Jim Ritchie’s Louisiana Pizza Kitchen, in the old French Market section of the French Quarter, is renowned for wood-oven pizza with crawfish and andouille (Cajun smoked sausage) and a sophisticated wine menu.
A native Clevelander, Ritchie came to New Orleans in his 20s and worked as a bartender before opening the Louisiana Pizza Kitchen in 1989. At age 50, with the restaurant well established and “only five payments left on the SBA loan,” Ritchie said he and his family had been looking forward to a little more financial ease.
Then Katrina hit, shut him down for seven weeks and scattered his employees across the country.
Storm damage was minor -- the Quarter escaped the flooding that inundated 80% of the city. But Ritchie lost food worth $6,000 in the subsequent power outage, and wind-driven water and dirt found their way through the antique shutters.
There is so much demand from hotels and office buildings for cleaning services that it’s nearly impossible for a small operation like Ritchie’s to get an appointment, or even a return call, from a cleaning firm.
In a stroke of luck, he bumped into a woman at a grocery store whose company had a contract to clean up local Popeye’s chicken outlets. She took pity on Ritchie and agreed to send a crew around to his restaurant to clean out the refrigerators and scrub and wax the floors.
The gas and electricity were back by late September, the water a little later. Another stumbling block was finding a source of andouille. Ritchie’s regular supplier, celebrity chef Paul Prudhomme’s bayou country sausage factory, was knocked out by the storm.
But the real hang-up for Ritchie -- as for many other New Orleanians struggling to get back in business -- was finding workers. More than half of the city’s housing stock remains uninhabitable, and the supply of temporary shelter lags far behind the demand.
When Ritchie managed to reopen Oct. 19 with a lunch-only schedule and a limited menu, just three of his 20 regular workers were on hand, and he’d had to personally find them living quarters.
One cook was staying at Ritchie’s house in the Algiers neighborhood across the Mississippi River from downtown, and two other workers were camped at local group homes maintained by Ritchie’s wife, a psychiatric social worker. The homes were temporarily vacant because the clients had been evacuated to Tennessee.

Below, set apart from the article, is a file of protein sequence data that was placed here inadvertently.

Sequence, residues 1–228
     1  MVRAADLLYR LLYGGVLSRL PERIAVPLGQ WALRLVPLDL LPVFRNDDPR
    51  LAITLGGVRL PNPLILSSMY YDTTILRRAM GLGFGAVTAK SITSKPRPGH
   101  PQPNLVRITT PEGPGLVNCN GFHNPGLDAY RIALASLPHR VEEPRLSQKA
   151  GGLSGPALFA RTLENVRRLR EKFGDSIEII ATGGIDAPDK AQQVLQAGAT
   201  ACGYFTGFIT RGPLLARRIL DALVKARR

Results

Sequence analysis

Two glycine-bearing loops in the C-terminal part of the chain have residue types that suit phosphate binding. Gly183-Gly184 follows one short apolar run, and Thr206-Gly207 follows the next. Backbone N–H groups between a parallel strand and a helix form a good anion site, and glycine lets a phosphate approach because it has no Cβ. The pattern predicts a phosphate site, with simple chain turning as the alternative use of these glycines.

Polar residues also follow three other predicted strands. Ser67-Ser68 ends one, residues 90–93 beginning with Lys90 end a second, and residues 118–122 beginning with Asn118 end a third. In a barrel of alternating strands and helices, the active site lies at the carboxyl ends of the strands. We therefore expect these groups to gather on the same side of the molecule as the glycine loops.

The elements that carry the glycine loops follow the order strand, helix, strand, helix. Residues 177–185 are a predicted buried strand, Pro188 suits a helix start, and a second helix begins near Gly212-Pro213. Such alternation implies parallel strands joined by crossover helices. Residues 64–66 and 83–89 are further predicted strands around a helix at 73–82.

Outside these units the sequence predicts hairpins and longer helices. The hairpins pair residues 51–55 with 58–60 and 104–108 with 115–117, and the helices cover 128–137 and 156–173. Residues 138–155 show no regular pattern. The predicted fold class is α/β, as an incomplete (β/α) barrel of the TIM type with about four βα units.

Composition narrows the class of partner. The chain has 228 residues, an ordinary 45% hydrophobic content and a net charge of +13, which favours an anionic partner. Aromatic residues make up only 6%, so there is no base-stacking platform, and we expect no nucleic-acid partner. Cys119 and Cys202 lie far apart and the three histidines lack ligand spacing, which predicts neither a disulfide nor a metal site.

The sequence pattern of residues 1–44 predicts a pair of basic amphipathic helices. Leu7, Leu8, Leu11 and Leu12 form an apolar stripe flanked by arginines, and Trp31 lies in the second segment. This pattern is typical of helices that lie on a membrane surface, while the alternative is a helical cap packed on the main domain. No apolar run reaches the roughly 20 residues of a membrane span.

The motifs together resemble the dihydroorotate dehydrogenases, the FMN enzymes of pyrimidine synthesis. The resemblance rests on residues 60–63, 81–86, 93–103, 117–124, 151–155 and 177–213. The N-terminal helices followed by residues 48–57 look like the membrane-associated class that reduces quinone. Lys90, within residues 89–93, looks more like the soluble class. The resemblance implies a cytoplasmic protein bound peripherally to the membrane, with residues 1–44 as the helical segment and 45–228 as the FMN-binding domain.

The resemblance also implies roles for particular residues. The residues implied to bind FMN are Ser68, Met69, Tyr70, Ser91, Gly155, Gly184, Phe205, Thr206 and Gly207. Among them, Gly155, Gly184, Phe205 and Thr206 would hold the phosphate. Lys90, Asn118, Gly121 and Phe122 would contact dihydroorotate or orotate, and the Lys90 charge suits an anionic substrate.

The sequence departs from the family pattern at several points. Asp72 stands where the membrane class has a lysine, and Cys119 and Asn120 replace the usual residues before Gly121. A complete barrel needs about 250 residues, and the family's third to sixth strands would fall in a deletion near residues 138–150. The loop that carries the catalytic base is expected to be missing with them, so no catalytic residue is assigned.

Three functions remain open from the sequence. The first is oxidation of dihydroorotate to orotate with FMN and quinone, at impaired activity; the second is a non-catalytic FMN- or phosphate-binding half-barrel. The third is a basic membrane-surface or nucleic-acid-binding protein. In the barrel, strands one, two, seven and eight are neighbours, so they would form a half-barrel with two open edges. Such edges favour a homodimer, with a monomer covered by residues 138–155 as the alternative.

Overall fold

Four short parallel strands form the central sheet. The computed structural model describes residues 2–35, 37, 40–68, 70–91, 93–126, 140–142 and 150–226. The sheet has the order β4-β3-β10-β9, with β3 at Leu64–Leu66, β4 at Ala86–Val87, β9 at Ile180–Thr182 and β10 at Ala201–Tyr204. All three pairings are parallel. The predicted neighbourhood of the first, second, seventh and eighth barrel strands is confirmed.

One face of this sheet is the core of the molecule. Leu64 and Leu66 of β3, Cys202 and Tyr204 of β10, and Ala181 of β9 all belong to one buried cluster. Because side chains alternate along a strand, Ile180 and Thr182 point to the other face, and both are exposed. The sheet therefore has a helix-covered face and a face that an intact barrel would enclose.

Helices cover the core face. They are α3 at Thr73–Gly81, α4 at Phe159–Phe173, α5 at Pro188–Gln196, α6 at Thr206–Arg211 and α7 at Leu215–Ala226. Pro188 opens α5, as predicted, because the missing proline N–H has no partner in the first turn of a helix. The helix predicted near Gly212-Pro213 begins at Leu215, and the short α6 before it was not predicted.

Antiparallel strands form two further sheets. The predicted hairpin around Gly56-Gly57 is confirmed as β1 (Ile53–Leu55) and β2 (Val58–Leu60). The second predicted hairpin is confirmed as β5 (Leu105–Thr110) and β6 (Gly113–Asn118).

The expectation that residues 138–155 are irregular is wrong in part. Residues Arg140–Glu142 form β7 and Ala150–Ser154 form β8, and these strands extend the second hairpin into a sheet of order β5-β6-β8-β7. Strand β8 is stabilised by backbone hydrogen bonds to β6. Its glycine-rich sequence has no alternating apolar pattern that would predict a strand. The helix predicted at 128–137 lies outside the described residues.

Prep chef Yukita Porter, 25, had fled to Atlanta and was torn about coming back. For the single mother, it meant leaving her 5-year-old son behind with cousins in Georgia.
“I didn’t want to take my boy out of school and come back here and have to leave again,” she said, noting that her apartment house in New Orleans East may be gone for good and the public schools won’t reopen until at least early November.
In the end, Porter decided to return because she bought into her boss’ vision of a better New Orleans. Ritchie believes that government -- federal, state and local -- has an obligation to at least match the kind of effort being put out by returning storm victims, who are working on the city’s recovery day and night. New Orleanians will demand decent housing, functioning schools and a reasonable level of public safety -- and he thinks they will get it.
“He makes you think things are going to be OK,” Porter said. Besides, she added, “We’re like a family. We look out for each other.”
In the meantime, the influx of government workers, construction contractors and insurance adjusters means that Ritchie and other French Quarter merchants can count on a decent flow of customers even if other parts of the city are largely deserted.
Ritchie estimated that the storm cost him $180,000 in lost sales, although his expenses also were much reduced while the bistro was closed. He had considered business-interruption insurance too expensive for an operation his size, but expects his regular policy to cover at least some of his storm-related costs. The Federal Emergency Management Agency might pay his deductible.
The restaurant’s survival was never in doubt, he said. It didn’t hurt that he got back in business quicker than some of his competitors.
The day that the Louisiana Pizza Kitchen reopened, without advertising or other fanfare, it was three-quarters full within the first hour, Ritchie said. And last week, “we were doing almost Jazz Fest-Mardi Gras business.”.
“People were just tired of canned food,” he said.